Wednesday, March 17, 2010

L. B. Davis homeplace

In this aerial photograph shared by Melissa White Harwell, you can clearly see the Leon Burg Davis homeplace and farm that was located south of Fulton. To the rear of the house is the shop where Uncle Burg kept his road graders, trucks and other equipment for use in his responsibilities as Supervisor for the Fifth District of Itawamba County, a position he held for three terms. The Burg Davis home is gone, but today you can see where it used to be along Highway 25 South, next to the Fulton Medical Clinic and across from the Fred's Shopping Center. The small house in the bottom left of the picture may still be standing.

Click on the photograph to enlarge it, and you can spot a small figure crossing the field between the two houses. Perhaps Aunt Emma?

It is hard to imagine that this location would have been out in the country during its time since today it is a busy part of town. Uncle Burg and my Pa Davis were brothers, sons of J.W.A. Davis and Annaliza Morrow. See previous days' posts for more information on this family.

* * *
Itawamba County Times
April 11, 1946
Reunion Is Held in L. B. Davis Home

The L. B. Davis home was a scene of gaiety Sunday, April 7, with all nine children together for the first time in over four years. The children are: Mr. and Mrs. Hubert Grissom, Martha Ann, Sarah, Wayne and Judy; Mr. and Mrs. Doyle Davis and Benny, Mr. and Mrs. Leon B. Davis, Jr. and Stacy, Mr. and Mrs. Julian T. Davis and Pat, Miss Mary Anna Davis of Mobile, Ala, Kathleen, Frank and Joe Davis.

The visitors were Mrs. Lel Grissom and Mr. and Mrs. Frank Wiygul and Patsy.


Ma Jean said...

No, that small white house is gone now. It use to stand just to the right of the street that turns to the Family Med Clinic. Some Browns rented that house when I was in HS. We use to stop and pick up Nellie. If you look in the lower rt hand side of the picture, you can see the edge of old hwy 25. There was a big red clay bank going up the side of the hwy

Anonymous said...

Mona and "Ma Jean", do you know if the trees "all lined in rows" in the pasture were a peach or maybe an apple orchard? I first thought pecan trees but I'm not too sure if pecans were a successful commerical business in northern MS. Oh, I do know that they grew that far north because the house where I grew up in Winfield, AL had at least 6, maybe 8 pecan trees - most of them along the east side of the house, but there were pecan trees alternating with peach and apple trees along the back yard. I'm pretty sure these trees were planted just for the shade from that hot afternoon sun in the bedrooms.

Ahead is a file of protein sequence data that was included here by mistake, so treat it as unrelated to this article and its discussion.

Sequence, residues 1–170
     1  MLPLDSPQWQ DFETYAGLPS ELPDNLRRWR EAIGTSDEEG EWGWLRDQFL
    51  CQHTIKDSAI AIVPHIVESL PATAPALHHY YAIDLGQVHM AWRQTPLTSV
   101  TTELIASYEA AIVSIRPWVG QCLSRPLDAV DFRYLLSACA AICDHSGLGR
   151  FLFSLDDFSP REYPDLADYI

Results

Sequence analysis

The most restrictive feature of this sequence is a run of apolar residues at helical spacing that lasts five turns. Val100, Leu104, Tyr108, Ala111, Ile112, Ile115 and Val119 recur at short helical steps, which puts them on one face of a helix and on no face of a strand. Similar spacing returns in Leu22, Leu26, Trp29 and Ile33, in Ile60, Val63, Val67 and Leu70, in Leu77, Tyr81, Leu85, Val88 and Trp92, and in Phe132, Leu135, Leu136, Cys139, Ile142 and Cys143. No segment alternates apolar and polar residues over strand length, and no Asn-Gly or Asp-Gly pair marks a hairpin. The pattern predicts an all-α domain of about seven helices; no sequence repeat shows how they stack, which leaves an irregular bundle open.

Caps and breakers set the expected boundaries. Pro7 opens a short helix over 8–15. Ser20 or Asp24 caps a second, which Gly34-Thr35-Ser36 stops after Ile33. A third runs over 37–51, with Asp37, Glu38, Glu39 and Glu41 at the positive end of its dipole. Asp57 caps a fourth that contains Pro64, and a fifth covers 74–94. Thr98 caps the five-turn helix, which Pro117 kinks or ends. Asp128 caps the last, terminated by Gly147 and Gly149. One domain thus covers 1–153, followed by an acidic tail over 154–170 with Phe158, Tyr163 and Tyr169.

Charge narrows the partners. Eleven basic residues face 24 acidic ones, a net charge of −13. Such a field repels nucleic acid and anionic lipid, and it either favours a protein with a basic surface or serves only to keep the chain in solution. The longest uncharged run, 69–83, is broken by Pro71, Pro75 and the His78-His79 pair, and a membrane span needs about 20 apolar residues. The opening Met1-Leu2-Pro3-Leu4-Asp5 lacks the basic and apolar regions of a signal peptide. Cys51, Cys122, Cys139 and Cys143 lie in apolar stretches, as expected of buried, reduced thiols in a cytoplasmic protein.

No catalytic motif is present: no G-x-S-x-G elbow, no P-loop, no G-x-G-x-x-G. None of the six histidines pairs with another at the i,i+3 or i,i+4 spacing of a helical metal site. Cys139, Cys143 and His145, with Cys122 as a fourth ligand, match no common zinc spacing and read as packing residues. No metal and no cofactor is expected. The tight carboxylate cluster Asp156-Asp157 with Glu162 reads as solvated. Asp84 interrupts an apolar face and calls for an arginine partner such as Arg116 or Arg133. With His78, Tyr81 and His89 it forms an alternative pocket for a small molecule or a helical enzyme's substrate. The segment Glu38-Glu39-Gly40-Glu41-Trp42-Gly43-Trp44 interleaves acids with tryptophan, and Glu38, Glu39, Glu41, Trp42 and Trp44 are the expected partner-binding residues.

I never realized how many pecans those trees produced until one Sunday when we had to make an emergency drive out to Bexar, and a neighbor man watched as all the 7 kids from across the street brought a large wash tub and sticks of fire wood to toss into the trees to shake the pecans down. He knew they were getting a bunch and walked over to where they were busy and he said the tub was full of pecans and he believes that they would have gone for another tub if he hadn't told them they had more than they could eat.

We had to pick the wood out of the driveway before daddy could drive on into the yard.

"Ma Jean", isn't it wonderful that Mona is bringing back so many memories for all of us? Anyway, Happy St. Parick's Day - bettye (more Scotch than Irish!)

Anonymous said...

I shouldn't reply to blogs with a son yakking to me!! I do know my east from my west - those pecan trees were REALLY on the west side of the house! bettye

Anonymous said...

I shouldn't reply to blogs with a son yakking to me!! I do know my east from my west - those pecan trees were REALLY on the west side of the house! bettye